Why Old Sports Photos Often Have a Blue Haze
Rich Clarkson’s photo of Kareem Abdul-Jabbar, then named Lew Alcindor, in the 1968 NCAA Men’s National Basketball Final Four semifinal game in Los Angeles is a masterpiece of composition, timing and exposure. The square format is the result of shooting the game action with a Hasselblad – a practice that continued into the early 2000s. But that isn’t what makes this photo historically interesting.
The blue haze that adds such a wonderful ambience to the arena is caused by cigarette smoke. The California Indoor Clean Air Act of 1976 was one of many regulations that started to clamp down on public smoking, and thus, we traded better light for better health. The same blue haze is evident in many historical boxing photos, like the ones made by Neil Leifer.
In 2006, then owner of the Los Angeles Lakers, Dr. Jerry Buss, pined for a more nostalgic look in the Staples Center. Thus, the lighting was focused onto the court with very little spill onto the arena seats. USA Today’s Robert Hanashiro captured the scene inside Staples center.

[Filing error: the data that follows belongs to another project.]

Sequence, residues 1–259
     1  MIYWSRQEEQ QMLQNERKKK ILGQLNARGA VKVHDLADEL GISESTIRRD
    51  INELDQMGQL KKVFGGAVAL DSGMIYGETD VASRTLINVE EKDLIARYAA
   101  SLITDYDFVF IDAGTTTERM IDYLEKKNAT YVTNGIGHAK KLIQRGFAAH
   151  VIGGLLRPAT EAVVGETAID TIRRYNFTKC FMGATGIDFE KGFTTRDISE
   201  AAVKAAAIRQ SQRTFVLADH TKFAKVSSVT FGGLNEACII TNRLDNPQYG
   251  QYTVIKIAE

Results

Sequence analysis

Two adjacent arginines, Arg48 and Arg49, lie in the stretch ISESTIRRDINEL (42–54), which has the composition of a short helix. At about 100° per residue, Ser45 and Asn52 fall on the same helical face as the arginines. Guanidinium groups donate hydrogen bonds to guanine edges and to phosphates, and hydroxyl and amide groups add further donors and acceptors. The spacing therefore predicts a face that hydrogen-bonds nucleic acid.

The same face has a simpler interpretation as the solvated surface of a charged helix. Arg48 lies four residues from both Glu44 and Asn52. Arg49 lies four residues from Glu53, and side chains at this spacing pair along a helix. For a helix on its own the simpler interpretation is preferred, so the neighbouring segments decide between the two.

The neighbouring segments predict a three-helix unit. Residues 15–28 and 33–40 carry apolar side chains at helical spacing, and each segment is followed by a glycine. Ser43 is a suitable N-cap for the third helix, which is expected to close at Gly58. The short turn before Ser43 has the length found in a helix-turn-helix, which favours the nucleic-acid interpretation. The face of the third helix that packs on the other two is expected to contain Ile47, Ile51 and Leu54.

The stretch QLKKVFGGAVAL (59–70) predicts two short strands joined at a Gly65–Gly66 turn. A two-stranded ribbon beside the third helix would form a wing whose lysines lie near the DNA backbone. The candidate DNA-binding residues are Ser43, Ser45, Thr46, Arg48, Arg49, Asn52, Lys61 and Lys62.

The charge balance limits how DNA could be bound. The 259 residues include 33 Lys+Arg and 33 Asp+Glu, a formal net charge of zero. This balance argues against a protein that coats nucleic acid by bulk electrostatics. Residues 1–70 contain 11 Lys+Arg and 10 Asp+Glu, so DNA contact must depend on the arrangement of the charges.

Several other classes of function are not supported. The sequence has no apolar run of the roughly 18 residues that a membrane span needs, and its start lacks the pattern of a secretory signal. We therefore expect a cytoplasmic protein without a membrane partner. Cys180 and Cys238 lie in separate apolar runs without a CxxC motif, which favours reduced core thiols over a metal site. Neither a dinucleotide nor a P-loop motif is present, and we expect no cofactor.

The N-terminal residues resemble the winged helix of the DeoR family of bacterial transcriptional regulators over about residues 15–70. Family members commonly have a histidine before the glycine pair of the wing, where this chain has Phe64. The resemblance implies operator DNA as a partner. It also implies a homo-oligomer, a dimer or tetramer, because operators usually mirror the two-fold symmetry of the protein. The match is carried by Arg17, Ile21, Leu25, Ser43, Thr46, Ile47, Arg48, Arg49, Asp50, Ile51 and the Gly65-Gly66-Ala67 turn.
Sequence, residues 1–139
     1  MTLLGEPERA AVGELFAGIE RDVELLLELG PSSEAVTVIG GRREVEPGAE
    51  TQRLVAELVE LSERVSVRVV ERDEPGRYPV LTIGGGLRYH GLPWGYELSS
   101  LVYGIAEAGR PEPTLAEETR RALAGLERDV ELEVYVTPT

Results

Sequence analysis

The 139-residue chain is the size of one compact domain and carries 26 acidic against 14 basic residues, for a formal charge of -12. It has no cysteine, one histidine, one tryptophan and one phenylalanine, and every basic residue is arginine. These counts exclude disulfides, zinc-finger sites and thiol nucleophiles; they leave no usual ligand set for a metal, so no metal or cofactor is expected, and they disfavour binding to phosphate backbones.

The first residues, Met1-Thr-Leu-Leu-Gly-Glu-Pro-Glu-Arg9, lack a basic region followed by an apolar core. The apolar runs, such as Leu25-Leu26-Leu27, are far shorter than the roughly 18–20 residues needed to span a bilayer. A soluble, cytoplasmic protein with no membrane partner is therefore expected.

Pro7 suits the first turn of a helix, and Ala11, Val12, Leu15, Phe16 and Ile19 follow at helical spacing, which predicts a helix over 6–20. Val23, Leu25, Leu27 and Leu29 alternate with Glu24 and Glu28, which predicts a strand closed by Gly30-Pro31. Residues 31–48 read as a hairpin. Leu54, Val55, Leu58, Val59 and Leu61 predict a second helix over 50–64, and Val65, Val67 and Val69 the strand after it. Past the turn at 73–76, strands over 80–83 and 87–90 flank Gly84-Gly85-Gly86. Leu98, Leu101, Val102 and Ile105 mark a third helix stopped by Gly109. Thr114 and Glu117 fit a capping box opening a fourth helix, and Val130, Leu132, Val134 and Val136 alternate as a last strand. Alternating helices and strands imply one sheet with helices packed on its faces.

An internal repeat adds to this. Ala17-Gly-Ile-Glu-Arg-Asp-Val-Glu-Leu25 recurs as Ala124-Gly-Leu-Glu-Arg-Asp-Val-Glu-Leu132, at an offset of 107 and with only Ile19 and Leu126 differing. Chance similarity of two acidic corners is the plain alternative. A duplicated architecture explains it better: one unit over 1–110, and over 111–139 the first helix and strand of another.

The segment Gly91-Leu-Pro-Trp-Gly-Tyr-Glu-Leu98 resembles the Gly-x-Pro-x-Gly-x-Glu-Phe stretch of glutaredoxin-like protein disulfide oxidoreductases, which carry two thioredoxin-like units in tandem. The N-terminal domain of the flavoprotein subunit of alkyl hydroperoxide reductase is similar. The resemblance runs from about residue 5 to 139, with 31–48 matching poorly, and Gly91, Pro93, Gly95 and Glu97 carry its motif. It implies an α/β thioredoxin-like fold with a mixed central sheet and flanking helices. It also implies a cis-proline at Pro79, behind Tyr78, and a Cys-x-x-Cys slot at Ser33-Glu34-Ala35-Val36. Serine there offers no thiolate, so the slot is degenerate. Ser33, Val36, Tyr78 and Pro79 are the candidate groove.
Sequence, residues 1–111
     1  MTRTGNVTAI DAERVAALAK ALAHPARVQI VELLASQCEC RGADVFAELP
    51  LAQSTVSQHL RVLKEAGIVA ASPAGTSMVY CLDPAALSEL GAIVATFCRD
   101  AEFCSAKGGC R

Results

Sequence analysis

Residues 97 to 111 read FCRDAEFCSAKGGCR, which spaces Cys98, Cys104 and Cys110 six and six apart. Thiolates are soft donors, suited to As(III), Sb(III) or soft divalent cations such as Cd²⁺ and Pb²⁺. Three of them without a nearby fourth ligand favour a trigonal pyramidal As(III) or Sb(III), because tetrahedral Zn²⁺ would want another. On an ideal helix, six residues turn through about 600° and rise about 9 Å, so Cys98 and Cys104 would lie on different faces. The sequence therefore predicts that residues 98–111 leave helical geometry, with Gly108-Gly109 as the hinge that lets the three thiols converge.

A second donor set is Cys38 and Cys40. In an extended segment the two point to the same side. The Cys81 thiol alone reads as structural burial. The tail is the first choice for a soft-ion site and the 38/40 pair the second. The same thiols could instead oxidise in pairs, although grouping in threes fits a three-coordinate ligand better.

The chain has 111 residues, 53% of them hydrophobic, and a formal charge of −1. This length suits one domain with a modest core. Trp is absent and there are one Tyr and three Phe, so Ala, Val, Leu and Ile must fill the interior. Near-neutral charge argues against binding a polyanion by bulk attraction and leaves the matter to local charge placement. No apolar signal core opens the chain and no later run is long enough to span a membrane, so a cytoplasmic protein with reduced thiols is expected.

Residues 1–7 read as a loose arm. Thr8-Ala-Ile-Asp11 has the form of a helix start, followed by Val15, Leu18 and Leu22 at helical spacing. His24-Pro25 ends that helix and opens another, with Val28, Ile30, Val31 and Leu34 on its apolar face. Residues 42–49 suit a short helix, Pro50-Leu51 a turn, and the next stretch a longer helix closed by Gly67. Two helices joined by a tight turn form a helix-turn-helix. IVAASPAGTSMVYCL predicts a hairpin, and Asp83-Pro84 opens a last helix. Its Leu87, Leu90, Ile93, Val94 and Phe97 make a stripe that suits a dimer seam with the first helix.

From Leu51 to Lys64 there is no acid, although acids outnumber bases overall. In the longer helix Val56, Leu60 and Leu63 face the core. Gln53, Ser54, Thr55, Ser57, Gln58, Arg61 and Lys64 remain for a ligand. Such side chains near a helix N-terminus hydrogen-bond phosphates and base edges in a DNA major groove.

And a similar scene inside UCLA’s Pauley Pavilion.
The look is more dramatic than a fully illuminated areana, but certainly still lacks the panache of the smoke-filled past.
About the author: Allen Murabayashi is the Chairman and co-founder of PhotoShelter, which regularly publishes resources for photographers. Allen is a graduate of Yale University, and flosses daily. This article was also published here.